While the independent arts movement in Puerto Rico continues to grow, especially in the fields of literature, visuals and music, other art forms like performance and theater are also coming out to provide entertainment and social commentary on the island’s current political and socioeconomic status. Among the many presentations to balance these elements is CiRcO dE La pLaZa, which has been celebrated mainly in Mayagüez for the past four years. Mainly organized by members of the Vueltabajo Sitio collective, CiRcO dE La pLaZa has been known to be a series of events that bring together the community while providing entertainment, education and political commentary, and this year’s closure was no stranger to that.
Starting the event by walking from Taller Libertá towards the public plaza in Mayagüez, this year’s closure consisted of all sorts of puppets, dancers, musicians and performers. Among the many activities presented in the event were songs that inspired audience members to participate, storytelling for both pure entertainment and political commentary, music, spoken word poetry, acrobatics and theater performances which encouraged all sorts of participation and thinking.
Like in the previous seasons, CiRcO dE La pLaZa’s commitment to their community continues to stay alive and well. The group of performers still manage to entertain and inform their audiences with a variety of presentations that feature a wide variety of art forms from literature and visuals to performance and music making it a great place for people to gather around and connect while being entertained, informed and, probably, inspired
All of the pictures in this article were taken by Fernando E. E. Correa Gonzalez
Every day Puerto Rico’s independent art scene continues to grow. However, one of the areas that is barely mentioned from the movement is its literature community. But last Saturday July 21st two up-and-coming writers, Sabana Grande’s Patrick Oneill and Moca’s Anthony Acevedo, got together in Aguadilla’s La Casita Books & Gifts to present their latest short story collections, Rio Muerto and Cortoga respectively, which use the genre of horror to reflect on society’s dark side.
(promo for the event)
Once the audience sat down and got comfortable, the book presentation started with a brief Q&A held by fellow writer Omar Palermo who served as the moderator for the event. Among the many questions asked were some involving how Oneill and Acevedo started writing, their influences, the inspiration behind their new texts, their thoughts on the current status of horror literature in Puerto Rico and how their lives were reflected in any of the short stories.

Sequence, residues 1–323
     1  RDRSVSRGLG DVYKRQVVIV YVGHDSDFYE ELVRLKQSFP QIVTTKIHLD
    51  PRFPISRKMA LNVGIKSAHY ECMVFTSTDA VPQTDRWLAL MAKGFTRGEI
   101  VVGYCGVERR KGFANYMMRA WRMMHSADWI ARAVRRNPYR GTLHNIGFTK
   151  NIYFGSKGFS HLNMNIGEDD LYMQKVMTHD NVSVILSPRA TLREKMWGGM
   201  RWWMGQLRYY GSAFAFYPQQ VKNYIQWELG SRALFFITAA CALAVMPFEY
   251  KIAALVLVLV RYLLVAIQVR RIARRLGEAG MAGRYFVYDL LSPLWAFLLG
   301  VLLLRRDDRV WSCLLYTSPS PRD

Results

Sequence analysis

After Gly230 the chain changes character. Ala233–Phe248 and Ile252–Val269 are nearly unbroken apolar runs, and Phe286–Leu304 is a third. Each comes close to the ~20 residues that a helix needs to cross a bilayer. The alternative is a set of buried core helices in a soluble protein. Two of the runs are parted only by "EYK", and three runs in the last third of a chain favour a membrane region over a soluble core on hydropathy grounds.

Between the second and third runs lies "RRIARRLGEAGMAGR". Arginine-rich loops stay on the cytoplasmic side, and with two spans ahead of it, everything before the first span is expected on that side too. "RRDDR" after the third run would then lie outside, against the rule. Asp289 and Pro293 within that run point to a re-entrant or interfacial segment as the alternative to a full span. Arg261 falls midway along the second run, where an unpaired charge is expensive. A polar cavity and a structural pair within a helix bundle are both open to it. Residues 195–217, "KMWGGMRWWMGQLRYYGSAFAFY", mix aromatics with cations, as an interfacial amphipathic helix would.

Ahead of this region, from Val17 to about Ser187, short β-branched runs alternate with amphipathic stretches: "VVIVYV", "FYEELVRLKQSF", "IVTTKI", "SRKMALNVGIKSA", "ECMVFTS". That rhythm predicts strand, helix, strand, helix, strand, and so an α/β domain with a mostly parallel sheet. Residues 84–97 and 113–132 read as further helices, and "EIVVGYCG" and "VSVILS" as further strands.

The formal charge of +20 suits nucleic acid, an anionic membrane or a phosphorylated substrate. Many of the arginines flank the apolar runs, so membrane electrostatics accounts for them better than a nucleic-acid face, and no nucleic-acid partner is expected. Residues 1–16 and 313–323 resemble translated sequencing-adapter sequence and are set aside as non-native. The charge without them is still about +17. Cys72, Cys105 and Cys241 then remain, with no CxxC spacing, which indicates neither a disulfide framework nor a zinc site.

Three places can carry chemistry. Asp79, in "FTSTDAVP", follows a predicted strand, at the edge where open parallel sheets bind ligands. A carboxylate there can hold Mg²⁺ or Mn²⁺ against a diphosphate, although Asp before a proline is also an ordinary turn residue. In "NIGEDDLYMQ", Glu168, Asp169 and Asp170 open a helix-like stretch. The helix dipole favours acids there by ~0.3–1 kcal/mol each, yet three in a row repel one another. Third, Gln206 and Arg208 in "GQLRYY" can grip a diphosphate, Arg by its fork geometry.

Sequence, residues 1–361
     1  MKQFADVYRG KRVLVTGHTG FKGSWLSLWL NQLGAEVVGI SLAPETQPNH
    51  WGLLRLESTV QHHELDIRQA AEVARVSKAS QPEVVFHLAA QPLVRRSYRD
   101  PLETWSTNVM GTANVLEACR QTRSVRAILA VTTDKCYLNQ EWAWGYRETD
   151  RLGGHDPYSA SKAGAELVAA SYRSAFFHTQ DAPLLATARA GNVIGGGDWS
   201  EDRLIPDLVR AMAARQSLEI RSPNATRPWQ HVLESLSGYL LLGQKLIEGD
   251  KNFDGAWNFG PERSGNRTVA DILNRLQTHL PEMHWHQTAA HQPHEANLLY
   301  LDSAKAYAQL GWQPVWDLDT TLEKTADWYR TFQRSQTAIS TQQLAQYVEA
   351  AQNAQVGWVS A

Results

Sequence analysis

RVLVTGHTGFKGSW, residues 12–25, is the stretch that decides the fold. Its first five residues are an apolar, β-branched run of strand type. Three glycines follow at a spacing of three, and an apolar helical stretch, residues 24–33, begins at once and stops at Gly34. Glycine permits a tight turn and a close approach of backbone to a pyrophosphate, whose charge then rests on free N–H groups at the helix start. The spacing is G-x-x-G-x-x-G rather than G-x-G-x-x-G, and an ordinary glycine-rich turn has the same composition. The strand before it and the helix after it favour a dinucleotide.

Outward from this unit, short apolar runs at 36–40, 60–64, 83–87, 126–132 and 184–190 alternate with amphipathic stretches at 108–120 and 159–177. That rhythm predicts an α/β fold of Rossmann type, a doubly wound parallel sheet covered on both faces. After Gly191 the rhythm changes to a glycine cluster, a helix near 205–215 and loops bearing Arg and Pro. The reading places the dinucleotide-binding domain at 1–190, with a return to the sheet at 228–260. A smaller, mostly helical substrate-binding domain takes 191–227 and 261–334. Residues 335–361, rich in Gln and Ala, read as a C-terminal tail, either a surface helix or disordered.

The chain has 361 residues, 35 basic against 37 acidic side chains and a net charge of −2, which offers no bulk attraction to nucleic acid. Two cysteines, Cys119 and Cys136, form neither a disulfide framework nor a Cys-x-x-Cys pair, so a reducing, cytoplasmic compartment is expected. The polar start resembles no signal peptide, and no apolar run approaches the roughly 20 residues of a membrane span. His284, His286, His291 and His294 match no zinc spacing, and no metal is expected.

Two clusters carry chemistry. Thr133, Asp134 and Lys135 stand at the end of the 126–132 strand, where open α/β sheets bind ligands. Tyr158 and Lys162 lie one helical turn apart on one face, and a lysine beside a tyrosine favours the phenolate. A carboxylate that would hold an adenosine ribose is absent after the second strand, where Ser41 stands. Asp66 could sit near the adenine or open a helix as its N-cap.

(picture by Fernando E. E. Correa Gonzalez)
After the brief Q&A, the writers were given the space to read some fragments of their books. Oneill kicked things off by reading the introduction of his short story “Necromater” and then Acevedo provided listeners a glimpse into his “La Balada del Carnicero”. However, the texts weren’t read in full as both authors felt that the rest would be too gruesome to be read out loud and the audience seemed to think so too as some felt a bit grossed out by the images provided in the stories.
(picture by Fernando E. E. Correa Gonzalez)
The event finished after the young authors answered questions that ranged from how these texts might affect young readers, the mission of these books and if the writers would be willing to work in the field of comic books. In the end, Oneill and Acevedo managed to create dialogue with the audience regarding a variety of topics, some of which included the current status of Puerto Rico and how these stories reflect that. Thus, what seemed to be a simple presentation of horror fiction became a deeper conversation about reflecting on one’s country and what we can do to rehabilitate it, which goes to show that if horror is written properly it can make one reflect on the more important aspects of life.
Find Rio Muerto and Cortoga
Fernando E. E. Correa González is the author behind over 20 self-published poetry books. He has been published by literary magazines & journals [Id]entidad, El Vicio del Tintero, Sábanas Magazine, Smaeralit, The Occulum and Tonguas. Other than writing, Correa is also a filmmaker, photographer and master’s student. He currently lives in his native Puerto Rico.